Although there have been discussions to implement individual memberships for decades, it has always been tabled because the “wolf wasn’t at the door”. It would be irresponsible for us to sit idle and not try to position our sport for future generations, but more importantly to grow the sport’s participation. We must be smart and use ALL of our resources to accomplish this. To not implement individual membership because some don’t like change was no longer the responsible answer. The use of data to promote and market our organization makes a difference. Quite honestly, club memberships won’t allow that to happen. Individual memberships hold our best option for moving forward as a single united organization working alongside the American Field and Field Dog Stud Book for the betterment of our sport.

Not being able to use our demographics in our current organizations format was one of two primary reasons the vote to implement the individual membership passed almost unanimously. The second reason is our operating finances. We have downplayed for decades the fact that our organization operates in the red without the monetary support provided by sponsors. We don’t know how you can commit your organization and sport to be there for your children and grandchildren when you know the organization doesn’t have a financial plan to ensure its future.

Keep in mind the AFTCA is a grass roots organization that runs financially lean and mean. That doesn’t mean we don’t look for ways to save because that is a constant, but we can’t grow our organization by cutting its heart out. We have one employee whose job is to do most “everything” needed to run day to day operations. Trustees serve each region at their own expense and that includes every plane fare, hotel room, every meal, every gallon of gas, and every cup of coffee. We are not aware of any trustee who has ever submitted an expense, ever caused an expense or ever was paid for an expense by the AFTCA.

The 20th Century Fund has been grown substantially in the past 20 years because of generous donations, sound management and the successful implementation of the painting/print program. Since 2002 this fund has given back $218,920 in grants for habitat improvement. The trustees have been unanimously united that these trust funds cannot not be used for our annual operating expenses. As a 501(c)3 organization we accept funds into that trust with great commitment to secure the principle’s safety and use income earned for the purposes of fulfilling our mission of habitat improvement and the promotion of amateur sport. We make that promise to all contributors and intend to keep both that promise and our 501(c)3 filing.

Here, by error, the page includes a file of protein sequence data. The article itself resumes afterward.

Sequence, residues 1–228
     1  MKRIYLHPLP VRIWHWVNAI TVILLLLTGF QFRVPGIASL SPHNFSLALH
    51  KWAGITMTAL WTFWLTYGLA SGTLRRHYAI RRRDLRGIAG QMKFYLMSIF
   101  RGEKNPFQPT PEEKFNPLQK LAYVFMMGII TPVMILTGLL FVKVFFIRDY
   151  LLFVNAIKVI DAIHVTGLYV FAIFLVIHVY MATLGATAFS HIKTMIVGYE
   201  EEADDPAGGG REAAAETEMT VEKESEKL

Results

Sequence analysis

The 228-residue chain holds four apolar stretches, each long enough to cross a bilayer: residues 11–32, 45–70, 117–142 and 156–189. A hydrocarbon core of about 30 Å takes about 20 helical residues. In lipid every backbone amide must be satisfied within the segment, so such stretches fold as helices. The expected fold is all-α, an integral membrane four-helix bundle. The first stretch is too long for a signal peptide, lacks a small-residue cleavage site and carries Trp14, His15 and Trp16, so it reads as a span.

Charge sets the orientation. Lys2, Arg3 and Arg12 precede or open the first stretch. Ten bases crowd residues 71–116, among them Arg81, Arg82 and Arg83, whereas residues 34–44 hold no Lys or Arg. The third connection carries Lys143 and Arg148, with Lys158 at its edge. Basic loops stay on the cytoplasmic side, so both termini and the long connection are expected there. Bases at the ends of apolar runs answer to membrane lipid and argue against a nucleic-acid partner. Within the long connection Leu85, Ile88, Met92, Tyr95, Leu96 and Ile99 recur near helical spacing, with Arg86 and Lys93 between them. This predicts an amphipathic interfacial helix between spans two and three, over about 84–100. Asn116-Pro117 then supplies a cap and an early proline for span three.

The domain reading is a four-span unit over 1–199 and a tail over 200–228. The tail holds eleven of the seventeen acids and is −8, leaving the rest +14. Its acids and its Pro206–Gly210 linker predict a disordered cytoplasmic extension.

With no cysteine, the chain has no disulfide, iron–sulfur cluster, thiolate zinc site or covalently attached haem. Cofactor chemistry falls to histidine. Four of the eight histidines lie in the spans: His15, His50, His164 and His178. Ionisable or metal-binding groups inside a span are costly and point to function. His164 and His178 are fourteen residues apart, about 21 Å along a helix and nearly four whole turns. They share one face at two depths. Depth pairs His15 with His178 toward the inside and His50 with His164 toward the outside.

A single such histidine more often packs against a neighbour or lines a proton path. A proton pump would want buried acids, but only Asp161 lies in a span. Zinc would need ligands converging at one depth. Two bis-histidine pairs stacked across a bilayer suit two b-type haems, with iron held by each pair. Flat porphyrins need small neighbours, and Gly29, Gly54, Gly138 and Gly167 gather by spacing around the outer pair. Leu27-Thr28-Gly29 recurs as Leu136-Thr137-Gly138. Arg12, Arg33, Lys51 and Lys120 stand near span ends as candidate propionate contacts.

Over the past three years the AFTCA generated $96,800 more in expenses than it generated income. This has been the continuation of a pattern.

The support we receive from sponsors covers this deficiency. There is a very minimal net (gain or loss) from running the 16 National Championships from year to year. The balance of the income is tied to club membership fees and balance of the expenses relate to running the office. Besides hosting 16 National Amateur Championships in 2015, the AFTCA oversaw ALL amateur stakes, affording the winners to have their placements entered into the records of the Field Dog Stud Book, also sanctioning all regional championships, awarding 2,101 win certificates to amateur handlers participating in approximately 1,235 stakes involving some 27,149 dogs. In addition to those in the field responsibilities the AFTCA worked behind the scenes and played a leading role in developing field trials Minimum Requirements, rules and regulations, guidelines and recommendations. The AFTCA continues a leading role in the creation, implementation, revision, updating all facets of our sport. The AFTCA makes a difference in our sport and most of us can agree that the AFTCA shouldn’t rely on our sponsors to make up the difference in our finances. It is time for this amateur organization to become self-sufficient.